feel the pang without being stunned; to mingle so much of hope in his
undoing that he may never enjoy the vigor of despair; to sink him into
his own Tartarus inch by inch till every fiber has its particular agony.”

He yelled, suddenly rose from the ground, and rushed forward and threaded
the thickets with a swiftness that made my pursuit in vain.

The violence of the beggar’s anguish, and the strong probabilities of his
story, engrossed me so much that I at first regretted the extraordinary
flight which put it out of my power to offer him any assistance. I
returned with a feeling of disappointment to the spot where I had left
my horse, and was riding toward the higher country, to avoid the enemy’s
straggling parties, when I heard a loud outcry. On a crag so distant that
I thought human speed could scarcely have reached it in the time, I saw
this strange being making all kinds of signals, sometimes pointing to me,
then to some object below him, and uttering a cry which might easily be
mistaken for the howl of a wild beast.

[Sidenote: A Secluded Spot]

I reined up; it was impossible for me to ascertain whether he were
warning me of danger or apprising others of my approach. Great stakes
make man suspicious, and the prince of Naphtali, speeding to the
capture of the principal armory of the legions, might be an object well
worth a little treachery. I rapidly forgot the beggar’s sorrows in the
consideration of his habits; decided that his harangue was a piece of
professional dexterity, probably played off every week of his life, and
that if I would not be in Roman hands before night, I must ride in the
precisely opposite direction to that which his signals so laboriously
recommended. Nothing grows with more vigor than the doubt of human
honesty. I satisfied myself in a few moments that I was a dupe, and
dashed through thicket, over rock, forded torrent, and from the top
of an acclivity, at which even my high-mettled steed had looked with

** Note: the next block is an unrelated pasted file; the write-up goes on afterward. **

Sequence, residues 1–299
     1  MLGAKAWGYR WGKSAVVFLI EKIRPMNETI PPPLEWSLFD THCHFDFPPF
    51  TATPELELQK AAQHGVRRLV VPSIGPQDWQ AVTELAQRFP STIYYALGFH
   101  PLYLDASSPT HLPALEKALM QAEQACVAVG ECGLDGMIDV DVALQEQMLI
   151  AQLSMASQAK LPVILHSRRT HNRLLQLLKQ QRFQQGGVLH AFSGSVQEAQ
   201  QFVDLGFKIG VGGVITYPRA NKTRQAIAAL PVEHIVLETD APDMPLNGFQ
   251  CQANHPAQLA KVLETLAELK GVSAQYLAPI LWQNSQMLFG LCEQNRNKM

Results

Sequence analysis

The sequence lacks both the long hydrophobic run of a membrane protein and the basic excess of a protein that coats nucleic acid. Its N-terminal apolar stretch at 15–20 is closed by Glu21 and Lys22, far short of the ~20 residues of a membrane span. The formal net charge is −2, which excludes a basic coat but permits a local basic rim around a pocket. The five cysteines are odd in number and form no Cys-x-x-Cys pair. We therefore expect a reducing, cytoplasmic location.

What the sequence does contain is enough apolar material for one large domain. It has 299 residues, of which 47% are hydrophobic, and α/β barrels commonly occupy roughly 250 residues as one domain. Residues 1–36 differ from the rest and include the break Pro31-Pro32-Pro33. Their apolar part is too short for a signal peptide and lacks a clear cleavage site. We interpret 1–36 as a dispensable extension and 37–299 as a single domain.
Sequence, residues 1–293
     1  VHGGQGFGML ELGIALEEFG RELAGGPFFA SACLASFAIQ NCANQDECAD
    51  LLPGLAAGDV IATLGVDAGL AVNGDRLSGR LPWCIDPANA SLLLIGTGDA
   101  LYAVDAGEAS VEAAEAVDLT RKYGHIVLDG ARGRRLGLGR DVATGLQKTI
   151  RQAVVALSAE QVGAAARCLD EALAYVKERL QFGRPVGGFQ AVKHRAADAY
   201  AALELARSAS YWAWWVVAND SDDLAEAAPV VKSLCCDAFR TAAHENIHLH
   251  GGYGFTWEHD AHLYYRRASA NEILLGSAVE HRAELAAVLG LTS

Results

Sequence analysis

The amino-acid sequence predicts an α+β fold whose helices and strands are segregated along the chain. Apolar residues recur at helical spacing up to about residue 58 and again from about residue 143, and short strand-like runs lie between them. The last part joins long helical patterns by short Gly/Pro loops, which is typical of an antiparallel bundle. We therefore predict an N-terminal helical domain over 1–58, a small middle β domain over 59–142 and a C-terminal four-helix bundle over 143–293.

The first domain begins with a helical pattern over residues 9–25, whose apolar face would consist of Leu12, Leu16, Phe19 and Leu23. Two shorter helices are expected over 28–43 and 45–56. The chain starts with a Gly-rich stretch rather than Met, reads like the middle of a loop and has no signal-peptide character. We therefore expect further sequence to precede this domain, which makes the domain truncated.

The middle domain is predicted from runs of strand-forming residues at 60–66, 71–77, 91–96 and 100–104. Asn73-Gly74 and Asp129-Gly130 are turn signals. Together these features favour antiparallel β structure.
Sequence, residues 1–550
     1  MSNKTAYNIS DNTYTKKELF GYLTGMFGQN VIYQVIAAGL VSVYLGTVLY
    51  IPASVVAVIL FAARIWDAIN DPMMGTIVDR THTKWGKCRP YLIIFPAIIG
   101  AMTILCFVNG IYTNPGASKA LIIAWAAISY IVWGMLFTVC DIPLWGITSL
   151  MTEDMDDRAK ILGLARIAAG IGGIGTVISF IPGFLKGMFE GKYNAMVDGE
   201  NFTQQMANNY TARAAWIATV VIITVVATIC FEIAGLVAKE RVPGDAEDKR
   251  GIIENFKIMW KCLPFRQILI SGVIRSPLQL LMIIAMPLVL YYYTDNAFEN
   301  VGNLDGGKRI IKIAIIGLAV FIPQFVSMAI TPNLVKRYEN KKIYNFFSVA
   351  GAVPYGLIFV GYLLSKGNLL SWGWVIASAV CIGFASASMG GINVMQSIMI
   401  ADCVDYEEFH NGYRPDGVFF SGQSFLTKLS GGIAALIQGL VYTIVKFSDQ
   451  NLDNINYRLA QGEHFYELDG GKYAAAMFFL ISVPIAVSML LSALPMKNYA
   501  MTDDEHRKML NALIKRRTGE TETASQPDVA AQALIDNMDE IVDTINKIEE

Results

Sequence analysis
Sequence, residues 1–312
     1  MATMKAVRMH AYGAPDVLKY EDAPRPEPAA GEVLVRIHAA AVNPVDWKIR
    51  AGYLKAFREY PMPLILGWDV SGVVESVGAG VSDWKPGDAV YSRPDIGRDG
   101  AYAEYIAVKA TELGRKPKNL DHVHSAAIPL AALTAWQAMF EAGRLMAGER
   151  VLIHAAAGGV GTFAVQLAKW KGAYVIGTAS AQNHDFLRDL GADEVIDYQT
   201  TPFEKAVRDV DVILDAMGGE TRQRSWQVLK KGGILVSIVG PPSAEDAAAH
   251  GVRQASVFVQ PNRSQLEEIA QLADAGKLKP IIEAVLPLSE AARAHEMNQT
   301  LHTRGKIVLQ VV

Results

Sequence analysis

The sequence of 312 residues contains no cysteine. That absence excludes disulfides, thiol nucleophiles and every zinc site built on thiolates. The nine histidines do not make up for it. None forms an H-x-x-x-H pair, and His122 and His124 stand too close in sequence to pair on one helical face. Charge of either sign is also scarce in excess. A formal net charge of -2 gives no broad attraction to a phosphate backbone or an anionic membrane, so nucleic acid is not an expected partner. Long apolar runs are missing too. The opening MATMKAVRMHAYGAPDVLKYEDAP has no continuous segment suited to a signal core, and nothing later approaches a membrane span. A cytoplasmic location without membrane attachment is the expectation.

repugnance, saw with the triumph of him who deceives the deceiver, the
increased violence of the impostor’s attitudes. He leaped from crag to
crag with the activity of a goat, and when he could do nothing else,
gave the last evidence of Oriental vexation by tearing his robes. I waved
my hand to him in contemptuous farewell, and dismounting, for the side
of the hill was almost precipitous, led my panting Arab through beds of
wild myrtle, and every lovely and sweet-smelling bloom, to the edge of a
valley that seemed made to shut out every disturbance of man.

A circle of low hills, covered to the crown with foliage, surrounded a
deep space of velvet turf, kept green as the emerald by the moisture of
a pellucid lake in its center, tinged with every color of heaven. The
beauty of this sylvan spot was enhanced by the luxuriant profusion of
almond, orange, and other trees that in every stage of production, from
the bud to the fruit, covered the little knolls below and formed a broad
belt round the lake.

Parched as I was by the intolerable heat, this secluded haunt of the very
spirit of freshness looked doubly lovely. My eyes, half-blinded by the
glare of the sands, and even my mind, exhausted by the perplexities of
the day, found delicious relaxation in the verdure and dewy breath of the
silent valley. My barb, with the quick sense of animals accustomed to the
travel of the wilderness, showed her delight by playful boundings, the
prouder arching of her neck, and the brighter glancing of her eye.

“Here,” thought I, as I led her slowly toward the steep descent, “would
be the very spot for the innocence that had not tried the world, or the
philosophy that had tried it and found all vanity. Who could dream that
within the borders of this distracted land, in the very hearing, almost
within the very sight, of the last miseries that man can inflict on man,
there was a retreat which the foot of man perhaps never yet defiled, and
in which the calamities that afflict society might be as little felt as
if it were among the stars!”

A violent plunge of the barb put an end to my speculation. She exhibited
the wildest signs of terror, snorted and strove to break from me; then
fixing her glance keenly on the thickets below, shook in every limb.
Yet the scene was tranquillity itself; the chameleon lay basking in the
sun, and the only sound was that of the wild doves, murmuring under the
broad leaves of the palm-trees. But my mare still resisted every effort
to lead her downward; her ears were fluttering convulsively; her eyes
were starting from their sockets. I grew peevish at the animal’s unusual
obstinacy, and was about to let her suffer thirst for the day, when I was
startled by a tremendous roar.

A lion stood on the summit which I had but just quitted. He was not a
dozen yards above my head, and his first spring must have carried me to
the bottom of the precipice. The barb burst away at once. I drew the only
weapon I had—a dagger—and hopeless as escape was, grasping the tangled
weeds to sustain my footing, awaited the plunge. But the lordly savage
probably disdained so ignoble a prey, and remained on the summit, lashing
his sides with his tail and tearing up the ground. He at length stopped